I was elated and nervous to move from the great state of Texas to unfamiliar territory, Chicago, Illinois. I had always heard about the beautiful yet windy city growing up as a child however, I knew when I moved, I was going to have to be extremely focused on my studies so that I could defy the odds society placed on minority students. As one of two African American students out of class of 155, I initially felt a lack of confidence and was consistently reminded about my fear of failure. This all changed my second year of school when I started my clinical rotations. My patients were mainly African Americans and/or came from families with low socioeconomic status. It was listening and learning my patient’s backgrounds that fueled my decision to become more involved in organizations, particularly an organization called the National Optometric Students Association(NOSA). This organization’s mission is to advance the visual health of minority populations. I began to understand my true purpose. Not just to be an eye doctor, but to go over and beyond to help educate my patients on ocular conditions that mainly affect African Americans such as glaucoma, diabetic retinopathy and hypertensive retinopathy. Looking back at my journey prior to graduation, I remember being so focused on standing out amongst all of my classmates and trying to defy the odds because I thought my sole purpose was to only to become an Optometrist. Little did I know, my purpose would reveal itself through other measures. I became so passionate about diversity in optometry and helping underserved populations that I wanted to take action and start implementing my ideas. I later became the president of the NOSA chapter at my school for two years and then later advanced to national president during my final year of optometry school. The biggest piece of advice I would give to young women is something I mentioned previously and I still repeat to my self frequently, delay does not equal denial. I would also tell them, to follow your purpose and create your own lane.

What should we know about Black Doctor Network, LLC.? What do you guys do best? What sets you apart from the competition?
I am an Optometrist based in Atlanta, GA specializing in primary care with an emphasis in ocular disease and contact lenses. However, over the last year, I have truly focused in on the extremely low statistics of African Americans in Optometry. Less than 3% of African Americans are Optometrists.

Honestly, after residency I was just tired of being one of the very few, if not the only, African American optometrists at every professional event. Rather than continuing to feel like an outsider at most of the optometry events I attended, I was determined to take to action and change the narrative. Although I was nervous and unsure where exactly to start, I dug deep and started planning what I imagined would be a memorable event for African American eye care professionals to network and truly just be seen. Through the process of planning, I began to realize what truly makes me happy, curating events that allow my community to connect.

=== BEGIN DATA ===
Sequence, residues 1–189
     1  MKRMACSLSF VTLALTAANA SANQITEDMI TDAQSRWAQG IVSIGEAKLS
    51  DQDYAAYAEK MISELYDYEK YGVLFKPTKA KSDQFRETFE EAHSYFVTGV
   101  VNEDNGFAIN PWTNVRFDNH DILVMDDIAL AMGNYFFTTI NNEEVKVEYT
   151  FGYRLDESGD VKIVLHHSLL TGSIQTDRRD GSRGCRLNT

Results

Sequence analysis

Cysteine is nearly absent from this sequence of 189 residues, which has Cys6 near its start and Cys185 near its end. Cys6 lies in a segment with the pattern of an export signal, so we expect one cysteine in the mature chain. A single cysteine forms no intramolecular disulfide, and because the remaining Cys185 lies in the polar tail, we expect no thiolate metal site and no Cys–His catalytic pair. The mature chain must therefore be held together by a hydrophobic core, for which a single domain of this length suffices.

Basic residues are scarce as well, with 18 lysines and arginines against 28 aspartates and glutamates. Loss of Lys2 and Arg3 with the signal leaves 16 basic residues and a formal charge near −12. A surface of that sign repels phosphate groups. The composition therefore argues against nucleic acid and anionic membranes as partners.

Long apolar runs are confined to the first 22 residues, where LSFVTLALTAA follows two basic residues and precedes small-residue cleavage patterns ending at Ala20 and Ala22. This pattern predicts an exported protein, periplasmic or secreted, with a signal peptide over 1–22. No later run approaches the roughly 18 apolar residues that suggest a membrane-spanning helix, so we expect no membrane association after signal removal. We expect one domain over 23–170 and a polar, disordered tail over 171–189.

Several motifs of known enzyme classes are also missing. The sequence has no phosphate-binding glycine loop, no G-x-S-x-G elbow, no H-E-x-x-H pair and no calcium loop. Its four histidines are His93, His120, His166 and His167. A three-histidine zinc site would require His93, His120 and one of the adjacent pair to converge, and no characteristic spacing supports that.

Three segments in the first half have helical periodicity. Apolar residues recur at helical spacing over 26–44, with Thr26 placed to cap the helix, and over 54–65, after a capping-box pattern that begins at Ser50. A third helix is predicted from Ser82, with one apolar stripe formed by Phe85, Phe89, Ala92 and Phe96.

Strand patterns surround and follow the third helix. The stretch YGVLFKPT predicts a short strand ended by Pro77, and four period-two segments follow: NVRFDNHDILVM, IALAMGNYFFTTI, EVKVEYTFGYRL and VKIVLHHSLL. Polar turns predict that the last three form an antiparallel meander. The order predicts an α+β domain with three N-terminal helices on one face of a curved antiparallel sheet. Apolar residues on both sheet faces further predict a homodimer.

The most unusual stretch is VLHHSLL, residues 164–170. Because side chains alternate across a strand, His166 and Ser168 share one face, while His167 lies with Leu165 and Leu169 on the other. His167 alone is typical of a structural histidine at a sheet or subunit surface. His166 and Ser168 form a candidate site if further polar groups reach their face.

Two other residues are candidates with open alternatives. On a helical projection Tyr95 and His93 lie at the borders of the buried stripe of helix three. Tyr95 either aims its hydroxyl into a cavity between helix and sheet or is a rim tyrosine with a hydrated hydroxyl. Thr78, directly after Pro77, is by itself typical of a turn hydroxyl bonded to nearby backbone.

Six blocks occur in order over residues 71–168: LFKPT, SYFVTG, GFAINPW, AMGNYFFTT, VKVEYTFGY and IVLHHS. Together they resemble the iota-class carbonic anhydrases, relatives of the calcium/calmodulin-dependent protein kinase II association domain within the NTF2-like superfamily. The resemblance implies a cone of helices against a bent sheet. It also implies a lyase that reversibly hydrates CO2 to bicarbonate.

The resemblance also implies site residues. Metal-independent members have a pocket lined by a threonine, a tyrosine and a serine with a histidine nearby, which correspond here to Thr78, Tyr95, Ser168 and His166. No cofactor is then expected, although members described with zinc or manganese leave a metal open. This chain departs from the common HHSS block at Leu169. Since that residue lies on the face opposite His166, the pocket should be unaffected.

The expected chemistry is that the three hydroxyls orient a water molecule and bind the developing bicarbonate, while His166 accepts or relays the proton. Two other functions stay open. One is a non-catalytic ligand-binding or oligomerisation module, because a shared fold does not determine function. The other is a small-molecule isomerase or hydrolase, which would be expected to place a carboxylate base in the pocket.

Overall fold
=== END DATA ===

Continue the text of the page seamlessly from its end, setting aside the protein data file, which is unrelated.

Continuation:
For Black History Month 2020, I hosted my first networking/ social event for African American Optometrists in the Atlanta area (video link posted below). With over 50 eye doctors in attendance, this event created a fun environment for everyone to network among one another. I received such an overwhelming amount of positive feedback which then propelled me to expand my vision. Following the networking event, an organization titled Black Doctor Network, LLC (BDN) was birthed. The purpose of BDN is to connect African American physicians with hopes to raise awareness to health disparities that have an affect among ethnic populations. BDN will achieve this goal by hosting social/networking events in different states with the first kickoff event in Atlanta, Georgia. BDN plans to continue expanding by traveling to different states including Texas, New York, and the DMV area just to name a few. Although I am not able to provide much more information at this time, I plan to kick things off once we gain control over COVID-19.

As a brand, organization leader, and health care provider, I am most proud of my ability to see things through. A lot of times we allow fear to take control and hold us back from unleashing great ideas and visions that are within us all. I, too, used to be the same way but then quickly realized that life is too short to keep your dreams held in captivity. For this reason, I believe what sets me apart from others is my ability to not let my fear define me but, instead, fuel my actions.

It would be great to hear about any apps, books, podcasts or other resources that you’ve used and would recommend to others.
Over the last few years, I’ve focused a lot of my energy on reading the Bible and watching sermons on YouTube such as Pastor Steven Furtick from Elevation Church and Pastor Michael Todd from Transformation Church. Doing so, I’ve been able to stay motivated through the tough times.

Contact Info:

Image Credit:
Asiyami (Gold) Wekolom